I’m frightened for my country—but also determined to hope for the best, rather than to surrender to despair.
On Sunday, my fellow Mexicans elected Andres Manuel Lopez Obrador as our next president. He may have won a sweeping political victory, but I am concerned he doesn’t understand how an economy works and he knows even less about how farmers like me produce the food that everybody needs.
The most pessimistic observers are already wondering if Mexico will become the next Venezuela—a promising Latin American country that took a sudden turn for the worse when it embraced the left-wing populism of a charismatic leader. I doubt that we’ll sink so low, but at times the rhetoric of Obrador mimicked the speeches of the late Hugo Chavez, the man most responsible for Venezuela’s stunning deterioration.
Obrador, for example, talks about the importance of self-sufficiency, suggesting that our country can produce everything it consumes.
This idea holds a certain kind of appeal, at least on the surface. Consider my own case as a good example. I’m a dairy farmer. If our government were to stop importing milk, in the name of self-sufficiency, it would reduce the competition that I face from foreign producers and, presumably, allow me to flourish.
Yet in reality, we’d all suffer. Mexican dairy farmers don’t produce enough milk to meet the demands of consumers. Even if we did, we still wouldn’t be truly self-sufficient. Milk production doesn’t take just a dairy farmer with a bunch of cows—it also requires farmers who grow the food that dairy cows eat as well as technology and machinery that make us better producers. Mexico imports these goods as well.
In fact, my farm wouldn’t exist in its present state but for our ability to exchange goods and services across borders. We import corn, soy, canola, vitamins, medicine, and machinery, for example. This is how sustainable economies work, keeping prices in check for everyone. And it’s much better than the protectionism, price controls, and subsidies that central planners wrongly believe will fix the problems of their own market distortions.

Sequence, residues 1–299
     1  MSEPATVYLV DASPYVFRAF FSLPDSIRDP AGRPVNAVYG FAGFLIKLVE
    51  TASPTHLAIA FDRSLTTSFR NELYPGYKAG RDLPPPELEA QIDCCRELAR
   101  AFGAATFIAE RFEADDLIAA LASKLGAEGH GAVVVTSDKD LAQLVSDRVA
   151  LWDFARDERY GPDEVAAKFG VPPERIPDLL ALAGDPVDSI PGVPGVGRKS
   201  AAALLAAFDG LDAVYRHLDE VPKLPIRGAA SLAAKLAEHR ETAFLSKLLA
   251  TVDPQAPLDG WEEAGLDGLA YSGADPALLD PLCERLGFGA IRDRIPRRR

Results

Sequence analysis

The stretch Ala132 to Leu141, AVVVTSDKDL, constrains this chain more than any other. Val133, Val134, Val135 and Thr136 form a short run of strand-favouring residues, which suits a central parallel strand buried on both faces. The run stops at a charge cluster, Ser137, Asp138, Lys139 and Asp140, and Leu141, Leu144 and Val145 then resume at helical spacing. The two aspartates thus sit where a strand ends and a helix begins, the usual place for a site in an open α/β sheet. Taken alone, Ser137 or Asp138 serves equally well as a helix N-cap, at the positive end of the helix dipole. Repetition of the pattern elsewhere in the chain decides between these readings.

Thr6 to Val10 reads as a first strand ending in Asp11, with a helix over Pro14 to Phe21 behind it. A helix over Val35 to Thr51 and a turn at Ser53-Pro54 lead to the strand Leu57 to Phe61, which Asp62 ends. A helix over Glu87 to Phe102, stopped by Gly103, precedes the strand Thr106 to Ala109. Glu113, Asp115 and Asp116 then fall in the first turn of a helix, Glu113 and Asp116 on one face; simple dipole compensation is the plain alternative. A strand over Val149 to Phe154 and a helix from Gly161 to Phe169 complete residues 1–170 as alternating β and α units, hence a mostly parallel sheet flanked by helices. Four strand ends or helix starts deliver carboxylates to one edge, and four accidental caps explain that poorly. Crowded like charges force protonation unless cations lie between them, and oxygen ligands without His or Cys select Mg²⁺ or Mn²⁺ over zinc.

Obrador owes his election to many factors that have little to do with economics, such as rising crime. Yet his fundamental appeal came from his promise to help the poorest Mexicans, who have seen the value of their wages drop even as unemployment has fallen in recent years.
Some of his supporters have observed that although Obrador talks like an extremist, he governs more like a pragmatist—and they point to his record as mayor of Mexico City. If that’s true, perhaps Obrador will embrace free trade, which holds so much opportunity for Mexicans of all economic classes.
Obrador says he wants to spend more money on everything from pensions to public works, but without raising taxes. That’s probably impossible. One surefire way to improve the national economy, however, is to help Mexicans buy and sell goods and services with people in other countries.
Consider the case of the last American president, Barack Obama. He campaigned as a protectionist—and then, as president, oversaw the successful completion of trade agreements between the United States and several other countries, most notably South Korea. In his case, the high responsibility of presidential leadership forced him to turn away from the hot talk of the campaign trail and take seriously the fact that free trade helps everyone.
One potential positive effect of Obrador’s victory is that it may jumpstart the NAFTA renegotiations. They’ve dragged on for long enough, and they slowed down as the Mexican election approached. They may not come to a swift conclusion—the United States has its own legislative elections in four months—but perhaps trade diplomats will have a clearer sense of what they can achieve. President Trump and Obrador, for example, both support raising labor standards and improving wages in Mexican workplaces.
I was not hoping for Obrador’s triumph—and frankly, I’m not optimistic about what it will mean for Mexico. Yet the people have spoken and now he’ll have his chance, including the chance to surprise us.